Ostracize: to avoid someone intentionally, or to prevent someone from taking part in the activities of a group: His colleagues ostracized him after he criticized the company in public.

Freeze out: to make someone feel that they are not part of a group by being unfriendly towards that person, or to stop someone from being included in an arrangement or activity: I felt I was being frozen out of/from the discussions; He believed that organizations like theirs were being frozen out.

This also works as a noun; Freeze-out: an exclusion of a person or organization from something, by boycotting or ignoring them: they gave him the freeze-out

To leave out in the cold:

  • Merriam Webster - to leave (someone) in a bad position : to not give (someone) the rights or advantages that are given to others: The changes benefit management but leave the workers out in the cold.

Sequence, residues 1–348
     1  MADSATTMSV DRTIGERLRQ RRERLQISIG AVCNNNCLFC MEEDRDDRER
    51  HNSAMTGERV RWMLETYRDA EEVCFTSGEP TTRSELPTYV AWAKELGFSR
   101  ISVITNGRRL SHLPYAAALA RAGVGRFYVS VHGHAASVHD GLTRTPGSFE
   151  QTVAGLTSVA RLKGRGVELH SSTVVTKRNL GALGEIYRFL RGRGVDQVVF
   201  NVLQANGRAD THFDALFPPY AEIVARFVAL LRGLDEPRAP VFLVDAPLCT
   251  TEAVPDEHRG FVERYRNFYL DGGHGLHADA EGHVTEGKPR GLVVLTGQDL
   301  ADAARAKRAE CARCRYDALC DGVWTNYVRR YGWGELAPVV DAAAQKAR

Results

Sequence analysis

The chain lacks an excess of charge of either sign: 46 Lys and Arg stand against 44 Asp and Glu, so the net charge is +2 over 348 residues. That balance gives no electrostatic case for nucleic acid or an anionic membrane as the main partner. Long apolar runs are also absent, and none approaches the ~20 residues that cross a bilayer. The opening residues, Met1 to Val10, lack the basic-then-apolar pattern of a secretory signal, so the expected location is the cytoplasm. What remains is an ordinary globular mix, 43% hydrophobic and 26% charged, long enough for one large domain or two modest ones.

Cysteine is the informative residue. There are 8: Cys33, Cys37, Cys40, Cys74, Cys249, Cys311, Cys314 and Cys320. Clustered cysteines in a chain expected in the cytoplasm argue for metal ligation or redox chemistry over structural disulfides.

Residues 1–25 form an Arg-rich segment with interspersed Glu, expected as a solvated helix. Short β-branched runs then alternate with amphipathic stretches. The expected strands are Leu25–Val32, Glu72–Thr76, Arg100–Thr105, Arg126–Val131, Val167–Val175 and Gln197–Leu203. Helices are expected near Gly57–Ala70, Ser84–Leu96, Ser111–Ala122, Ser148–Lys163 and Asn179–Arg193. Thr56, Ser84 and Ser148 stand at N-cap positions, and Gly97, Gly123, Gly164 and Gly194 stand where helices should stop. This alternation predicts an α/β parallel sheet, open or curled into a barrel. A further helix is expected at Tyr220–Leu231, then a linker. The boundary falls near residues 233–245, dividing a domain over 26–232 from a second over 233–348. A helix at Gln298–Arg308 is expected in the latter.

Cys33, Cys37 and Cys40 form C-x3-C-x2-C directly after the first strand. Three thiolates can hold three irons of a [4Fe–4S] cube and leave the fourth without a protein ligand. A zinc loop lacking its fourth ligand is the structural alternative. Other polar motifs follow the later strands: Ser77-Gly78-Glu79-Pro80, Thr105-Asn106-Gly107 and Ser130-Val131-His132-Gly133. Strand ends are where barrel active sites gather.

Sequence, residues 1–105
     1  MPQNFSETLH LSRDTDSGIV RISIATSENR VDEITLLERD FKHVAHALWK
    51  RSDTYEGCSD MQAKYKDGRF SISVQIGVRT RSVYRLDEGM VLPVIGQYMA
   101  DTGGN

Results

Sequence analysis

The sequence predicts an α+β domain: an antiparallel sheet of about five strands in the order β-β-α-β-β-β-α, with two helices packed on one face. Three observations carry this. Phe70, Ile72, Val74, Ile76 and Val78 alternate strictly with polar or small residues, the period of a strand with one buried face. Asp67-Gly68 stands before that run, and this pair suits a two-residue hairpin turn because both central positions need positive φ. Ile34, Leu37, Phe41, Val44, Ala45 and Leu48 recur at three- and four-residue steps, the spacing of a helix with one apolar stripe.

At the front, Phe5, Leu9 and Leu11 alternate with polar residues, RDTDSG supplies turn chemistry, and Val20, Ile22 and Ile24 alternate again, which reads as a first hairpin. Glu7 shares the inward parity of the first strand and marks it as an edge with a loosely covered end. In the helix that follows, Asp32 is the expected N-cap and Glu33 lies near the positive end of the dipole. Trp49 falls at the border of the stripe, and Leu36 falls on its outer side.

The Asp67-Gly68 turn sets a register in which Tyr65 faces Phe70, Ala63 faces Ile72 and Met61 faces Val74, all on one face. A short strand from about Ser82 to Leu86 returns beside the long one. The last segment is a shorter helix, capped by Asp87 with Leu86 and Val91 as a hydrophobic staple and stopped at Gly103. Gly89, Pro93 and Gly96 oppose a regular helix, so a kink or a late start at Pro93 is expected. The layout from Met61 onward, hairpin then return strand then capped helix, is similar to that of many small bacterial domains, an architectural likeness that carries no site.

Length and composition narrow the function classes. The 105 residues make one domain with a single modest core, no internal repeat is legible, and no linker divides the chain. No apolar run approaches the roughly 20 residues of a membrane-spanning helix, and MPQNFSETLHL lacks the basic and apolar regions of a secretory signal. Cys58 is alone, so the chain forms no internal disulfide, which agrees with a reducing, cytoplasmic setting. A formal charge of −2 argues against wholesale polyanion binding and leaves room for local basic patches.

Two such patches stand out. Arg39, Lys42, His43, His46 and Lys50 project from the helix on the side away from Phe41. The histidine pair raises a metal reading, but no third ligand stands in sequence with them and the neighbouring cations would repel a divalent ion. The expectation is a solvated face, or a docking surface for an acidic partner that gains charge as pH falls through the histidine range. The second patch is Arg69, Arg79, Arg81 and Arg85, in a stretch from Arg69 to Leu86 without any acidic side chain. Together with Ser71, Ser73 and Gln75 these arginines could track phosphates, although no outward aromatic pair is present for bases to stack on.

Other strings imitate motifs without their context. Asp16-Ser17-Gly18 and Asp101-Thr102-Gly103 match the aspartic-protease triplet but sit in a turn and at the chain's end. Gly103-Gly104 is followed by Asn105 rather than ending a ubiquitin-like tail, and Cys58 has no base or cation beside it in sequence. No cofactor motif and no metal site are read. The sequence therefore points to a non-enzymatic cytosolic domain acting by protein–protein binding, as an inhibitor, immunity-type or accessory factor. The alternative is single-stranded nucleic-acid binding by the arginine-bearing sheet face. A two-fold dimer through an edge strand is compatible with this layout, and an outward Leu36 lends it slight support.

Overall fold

• Macmillan - to deliberately not include someone in an activity or group: If Britain does not work with the rest of Europe, it could be left out in the cold.

That's regarding the behavior of your wife's colleague, who has it in for her/ persecutes her/ makes life miserable for her/ gives her a hard time; As far as your wife's reaction, I'm hard-pressed to find anything better than what you cam up with.

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Look at this please- "cock a snook at" used in mainly journalism-- to deliberately do something that insults someone or that shows a lack of respect for someone or something. vide Free thesaurus definition of to insult or offend someone from the Macmillan English Dictionary - a free English dictionary online with thesaurus and with pronunciation from Macmillan Publishers Limited. 2] Premeditated and unwarranted insult.

  • 1
    Some copy/paste problems here! – k1eran Jul 21 '16 at 18:10